Green Roof Construction: Mistakes to Avoid

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A green roof is a radical improvement on your home. Properly implemented, it can increase the longevity of your shelter, insulate you from neighborhood noises, support your local ecology, and dramatically reduce your heating and cooling costs.

When planning your green roof construction, it's crucial to know what mistakes to avoid. It's a major investment and a big change, so little problems that go unaddressed at the start can cause major headaches down the road. As the old saw goes, an ounce of prevention is worth a pound of cure.

Mistake #1 - Not Knowing How Heavy Your Green Roof Can Be

Before you start a garden on your roof, you have to know the maximum dead load and live load of your structure. Otherwise, you could accidentally add too much weight, endangering the building and any residents. Dirt, water, and growing plants all add significant weight, which needs to be calculated carefully. Remember when you're crunching the numbers that your roof will sometimes get stuck supporting excess water from a rain event, or snow if you live in a cold climate.

If you don't know how much weight your building can bear, get in contact with the planners if possible, or get your building assessed. Shooting from the hip with a guess will save you an upfront cost, but it could have catastrophic consequences later.

Mistake #2 - Skimping on a Drainage System

Your green roof needs a reliable drainage system. If too much water gets stuck in the soil, your plants will struggle and your structure will suffer. Conversely, soil that dries out too quickly will erode more quickly and have trouble supporting healthy greenery. Invest in a carefully planned drainage solution, which will either feature coarse, natural materials or a layer of synthetics. This might seem expensive, but think of it in terms of preventing the extra cost later.

a roof with moss on it

Mistake #3 - Not Considering Context

Depending on the location of your house, the slope of your land, the shape of your roof, and the local weather conditions, various plants may or may not thrive on your new garden in the sky. Some very shady roofs may have trouble supporting any life at all. If you're not an expert on what plants like which conditions, make a trip to your local nursery, or at least conduct some web research.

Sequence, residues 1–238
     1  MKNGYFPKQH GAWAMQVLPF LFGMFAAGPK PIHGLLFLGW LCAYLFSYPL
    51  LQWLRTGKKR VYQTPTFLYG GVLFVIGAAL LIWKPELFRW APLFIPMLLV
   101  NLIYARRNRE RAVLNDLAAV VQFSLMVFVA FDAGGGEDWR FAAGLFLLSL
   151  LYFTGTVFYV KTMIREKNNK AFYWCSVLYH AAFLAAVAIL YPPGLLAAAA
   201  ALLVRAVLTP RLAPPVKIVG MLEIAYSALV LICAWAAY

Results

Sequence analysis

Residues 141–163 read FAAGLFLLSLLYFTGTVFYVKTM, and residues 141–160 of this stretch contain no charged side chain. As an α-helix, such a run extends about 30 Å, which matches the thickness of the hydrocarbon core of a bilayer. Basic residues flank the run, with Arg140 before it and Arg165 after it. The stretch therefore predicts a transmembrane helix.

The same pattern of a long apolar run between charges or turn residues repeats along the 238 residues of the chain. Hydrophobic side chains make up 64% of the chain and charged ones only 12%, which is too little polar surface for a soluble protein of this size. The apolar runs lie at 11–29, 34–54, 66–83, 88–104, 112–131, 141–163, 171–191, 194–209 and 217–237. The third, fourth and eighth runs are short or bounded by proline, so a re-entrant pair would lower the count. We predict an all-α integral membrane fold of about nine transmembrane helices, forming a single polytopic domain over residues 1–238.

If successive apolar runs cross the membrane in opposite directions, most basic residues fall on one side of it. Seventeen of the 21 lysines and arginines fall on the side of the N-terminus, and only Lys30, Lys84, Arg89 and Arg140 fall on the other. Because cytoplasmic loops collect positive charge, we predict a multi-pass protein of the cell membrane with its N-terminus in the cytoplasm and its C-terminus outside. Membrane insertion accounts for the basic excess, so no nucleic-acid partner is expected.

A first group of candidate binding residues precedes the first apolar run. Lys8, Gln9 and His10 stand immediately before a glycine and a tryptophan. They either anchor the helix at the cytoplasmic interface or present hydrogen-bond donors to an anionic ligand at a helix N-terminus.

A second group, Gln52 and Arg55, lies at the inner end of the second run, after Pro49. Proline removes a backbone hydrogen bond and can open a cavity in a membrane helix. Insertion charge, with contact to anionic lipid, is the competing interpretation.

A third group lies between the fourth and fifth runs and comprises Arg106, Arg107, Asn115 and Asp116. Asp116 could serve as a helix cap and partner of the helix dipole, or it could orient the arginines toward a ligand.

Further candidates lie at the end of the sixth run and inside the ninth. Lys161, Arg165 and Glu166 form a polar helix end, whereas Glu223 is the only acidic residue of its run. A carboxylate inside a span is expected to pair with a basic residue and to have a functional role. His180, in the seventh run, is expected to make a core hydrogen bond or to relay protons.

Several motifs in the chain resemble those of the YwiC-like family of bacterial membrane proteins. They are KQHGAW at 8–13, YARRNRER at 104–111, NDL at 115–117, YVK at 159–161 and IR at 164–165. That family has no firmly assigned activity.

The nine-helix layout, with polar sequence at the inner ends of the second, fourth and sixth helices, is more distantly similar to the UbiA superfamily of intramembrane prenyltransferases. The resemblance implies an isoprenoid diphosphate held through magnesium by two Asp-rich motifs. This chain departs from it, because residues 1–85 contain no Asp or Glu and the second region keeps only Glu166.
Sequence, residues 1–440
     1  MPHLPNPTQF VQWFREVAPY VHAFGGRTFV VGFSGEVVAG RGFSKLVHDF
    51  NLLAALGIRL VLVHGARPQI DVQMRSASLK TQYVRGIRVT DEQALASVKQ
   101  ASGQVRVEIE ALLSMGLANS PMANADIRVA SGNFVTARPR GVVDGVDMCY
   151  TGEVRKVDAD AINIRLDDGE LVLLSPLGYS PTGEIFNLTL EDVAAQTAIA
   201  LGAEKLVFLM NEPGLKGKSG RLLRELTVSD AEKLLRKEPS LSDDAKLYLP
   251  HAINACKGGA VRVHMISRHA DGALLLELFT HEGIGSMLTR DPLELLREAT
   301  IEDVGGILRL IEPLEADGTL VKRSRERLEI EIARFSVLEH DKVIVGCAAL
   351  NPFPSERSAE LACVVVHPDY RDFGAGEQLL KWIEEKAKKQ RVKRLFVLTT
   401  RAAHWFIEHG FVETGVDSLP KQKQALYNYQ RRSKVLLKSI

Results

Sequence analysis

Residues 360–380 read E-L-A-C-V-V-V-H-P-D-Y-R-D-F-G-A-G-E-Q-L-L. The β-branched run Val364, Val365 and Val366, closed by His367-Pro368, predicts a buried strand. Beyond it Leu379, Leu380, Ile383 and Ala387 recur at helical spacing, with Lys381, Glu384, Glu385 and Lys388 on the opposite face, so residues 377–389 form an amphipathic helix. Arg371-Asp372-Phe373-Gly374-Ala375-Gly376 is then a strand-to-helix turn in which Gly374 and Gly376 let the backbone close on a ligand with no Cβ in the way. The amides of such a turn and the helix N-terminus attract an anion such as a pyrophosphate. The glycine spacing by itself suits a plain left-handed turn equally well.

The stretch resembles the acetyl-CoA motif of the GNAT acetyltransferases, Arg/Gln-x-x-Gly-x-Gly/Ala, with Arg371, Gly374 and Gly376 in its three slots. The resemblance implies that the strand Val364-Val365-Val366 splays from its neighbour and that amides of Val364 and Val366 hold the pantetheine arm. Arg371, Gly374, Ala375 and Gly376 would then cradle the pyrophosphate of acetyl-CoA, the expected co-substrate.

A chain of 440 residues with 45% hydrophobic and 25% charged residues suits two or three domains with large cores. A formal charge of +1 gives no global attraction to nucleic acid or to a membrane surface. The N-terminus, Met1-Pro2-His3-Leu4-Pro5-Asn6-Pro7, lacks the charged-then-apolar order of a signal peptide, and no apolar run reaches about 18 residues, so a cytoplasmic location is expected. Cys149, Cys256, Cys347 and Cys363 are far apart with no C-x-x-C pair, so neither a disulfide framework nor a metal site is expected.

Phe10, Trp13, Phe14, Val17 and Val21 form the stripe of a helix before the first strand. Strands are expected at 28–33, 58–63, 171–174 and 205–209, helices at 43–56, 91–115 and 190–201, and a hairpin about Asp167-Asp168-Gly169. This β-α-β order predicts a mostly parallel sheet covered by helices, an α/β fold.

Water will also behave very differently on steep grades and flat surfaces, so make sure you plan to build in some sloping if your roof is very flat, or some way to even things out if it's very steep.

Mistake #4 - Underinvesting

Purchasing low-quality materials to cut the expense of this project is a bad idea in the long run. If you can't afford to do this right, you definitely can't afford the costs of doing it wrong. Save up your resources and only start construction when you're sure you can foot the bill, which is likely to run into the tens of thousands of dollars (though doing the work yourself will still be far cheaper than hiring a contractor). If you're not sure about a specific material, try asking for opinions our forums.

Mistake #5 - Not Priming the Roof

Waterproofing the surface beneath your green roof is critical to avoid leaks, and you won't get another crack at that process once you've covered your roof in soil. You'll need to prime thoroughly, and follow up with a secondary layer of 15-milliliter polyethylene. Next, you'll add heavy plastic sheets like those made by Delta Floraxx, which will start setting you up to meet the water retention needs of your plants while protecting the structure beneath.

Waterproofing is a time-intensive phase of the process, but if you try to play fast and loose with this, you're virtually guaranteeing yourself a nightmare situation later on.

a green roof with colorful moss and skylights

Mistake #6 - Not Thinking of It Like a Garden

A mineral-rich soil with 25 percent compost will help start your roof plants off on the right root, as it were. The species and varietals you choose will dictate the exact balance you'll want, but like all gardens, your new elevated Eden will need dirt that has mulch, drainage, and fertilizer. Yes, you may want to invite some earthworms to be your new upstairs neighbors.

And not only will you need to start your garden carefully, you'll need to think of ways to access it and manage it later. Plants will grow and need tending to, soil will shift around, Frisbees will get stuck up there. Make sure your plans include a way for you to get to and work in your roof garden, and don't forget to factor your own weight into the load bearing calculations.